Roberts predicts that this push by the studios and networks to offer their own data could cause some shifts in the metadata space. Currently, the studios provide a base level of information to metadata services firms including Tribune, Rovi and Red Bee, though sometimes “get charged back to access their own metadata”, he says, raising the question of whether studios in the future will just go direct and provide their own metadata.

Elsewhere, it is not just the studios that are looking to new opportunities in this space. Orange-owned broadcast and IP solutions firm Viaccess-Orca is developing a new content discovery service, called DEEP (data engagement and enrichment platform) that deputy CEO Haggai Barel says will tap into consumers’ enthusiasm for second screen browsing behaviour.

Billed as a “digital magazine for tablets,” Barel says that DEEP uses automatic content recognition (ACR) technology to generate a virtual magazine that draws on available information such as cast members, Wikipedia details and YouTube clips.

“You obviously know the Wizard of Oz, right? People don’t want to follow the Yellow Brick Road, that’s exactly the point. Today people’s consumption has nothing to do with following the Yellow Brick Road. They want doors to jump from one place to the other – suddenly to be in this scene, in that scene, to be able to have a more cognitive experience than a linear one,” says Barel.

Though Viaccess-Orca already has a content discovery content platform called Compass, Barel has high hopes for DEEP and says that early feedback has been strong. “I’m telling you, if we were not a B2B company, I would go B2C with this,” he says. DEEP is due to launch in January after operator trials are completed, launching for iPad first and on Android and other platforms later.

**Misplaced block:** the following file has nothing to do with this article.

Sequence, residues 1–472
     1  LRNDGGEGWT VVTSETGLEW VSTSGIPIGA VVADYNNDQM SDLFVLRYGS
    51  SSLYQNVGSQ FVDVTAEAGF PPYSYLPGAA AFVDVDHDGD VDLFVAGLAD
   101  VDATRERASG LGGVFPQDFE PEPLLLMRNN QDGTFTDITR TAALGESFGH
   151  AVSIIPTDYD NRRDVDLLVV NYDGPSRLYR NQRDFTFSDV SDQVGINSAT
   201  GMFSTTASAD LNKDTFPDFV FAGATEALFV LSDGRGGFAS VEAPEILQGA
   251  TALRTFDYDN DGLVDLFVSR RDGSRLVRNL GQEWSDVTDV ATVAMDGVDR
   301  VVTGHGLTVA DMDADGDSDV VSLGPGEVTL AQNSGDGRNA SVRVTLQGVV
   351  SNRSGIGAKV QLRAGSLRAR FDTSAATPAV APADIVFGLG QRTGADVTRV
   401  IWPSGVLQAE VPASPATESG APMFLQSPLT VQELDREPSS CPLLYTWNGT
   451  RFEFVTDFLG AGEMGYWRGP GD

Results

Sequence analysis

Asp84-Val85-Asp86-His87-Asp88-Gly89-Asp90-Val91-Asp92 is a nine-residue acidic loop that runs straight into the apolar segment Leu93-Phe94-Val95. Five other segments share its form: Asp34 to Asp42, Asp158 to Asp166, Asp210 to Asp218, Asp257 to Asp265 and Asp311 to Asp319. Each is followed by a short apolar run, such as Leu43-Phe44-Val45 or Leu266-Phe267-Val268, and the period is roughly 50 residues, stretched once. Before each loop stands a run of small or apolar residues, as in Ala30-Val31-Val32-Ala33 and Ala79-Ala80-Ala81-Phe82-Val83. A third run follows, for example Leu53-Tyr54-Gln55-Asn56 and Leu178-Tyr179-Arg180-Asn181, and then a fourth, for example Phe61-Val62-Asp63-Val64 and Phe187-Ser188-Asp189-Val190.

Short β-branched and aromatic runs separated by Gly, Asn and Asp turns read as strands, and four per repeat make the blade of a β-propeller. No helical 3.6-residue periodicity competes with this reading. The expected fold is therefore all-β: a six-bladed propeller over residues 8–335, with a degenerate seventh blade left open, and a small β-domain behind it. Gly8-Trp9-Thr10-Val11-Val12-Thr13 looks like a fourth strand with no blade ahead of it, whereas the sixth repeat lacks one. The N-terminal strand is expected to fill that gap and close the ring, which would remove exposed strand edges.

Tapping into social

Viaccess-Orca rival SeaChange offers a cloud-based software platform for multi-screen video services, and though its main area of focus is not actually “working on recommendations per say, we are trying to take advantage of where the industry is going and build that into our offering,” says director of products Sud Kaushik.

Seachange’s Nitro multi-screen user interface software is designed for video operators to give subscribers access to linear and on-demand content across mobile, PC, tablet and TV screens and the firm is working to evolve the service by plugging-in third party recommendation engines. “There are challenges in how much you want to balance recommendations and discovery and search, and part of that can be leveraged if you have social log-ins,” adds Kaushik, describing how the platform will “start becoming more centred around how people interact with media outside of the traditional tent-pole viewing”.

ThinkAnalytics’ TV recommendation solution for Cox Communications.

ThinkAnalytics’ TV recommendation solution for Cox Communications.

The power of plugging the social web into content search and recommendation is something that many players in this field are keeping an eye on. However, integrating content and information from the likes of Twitter and Facebook is not necessarily easy, while asking people to log-in to set-top services in the same way they would a mobile app is not a natural behaviour pattern for TV viewers.

“With information like social data, today we’re pulling in over a million social data points every 24 hours. That’s things like Tweets, posts and other comments that get made. As you might expect, those comments don’t really relate to any standardised dataset. So when people are talking about The Bachelor or Downton Abbey, they don’t relate to a Tribune ID or a Rovi ID or anything that these service providers use. So we bring all that data in in a very unstructured manner and we convert it into structured data by grouping it into common categories and common shows or movies – whatever they’re talking about,” says Digitalsmiths’ Weinberger.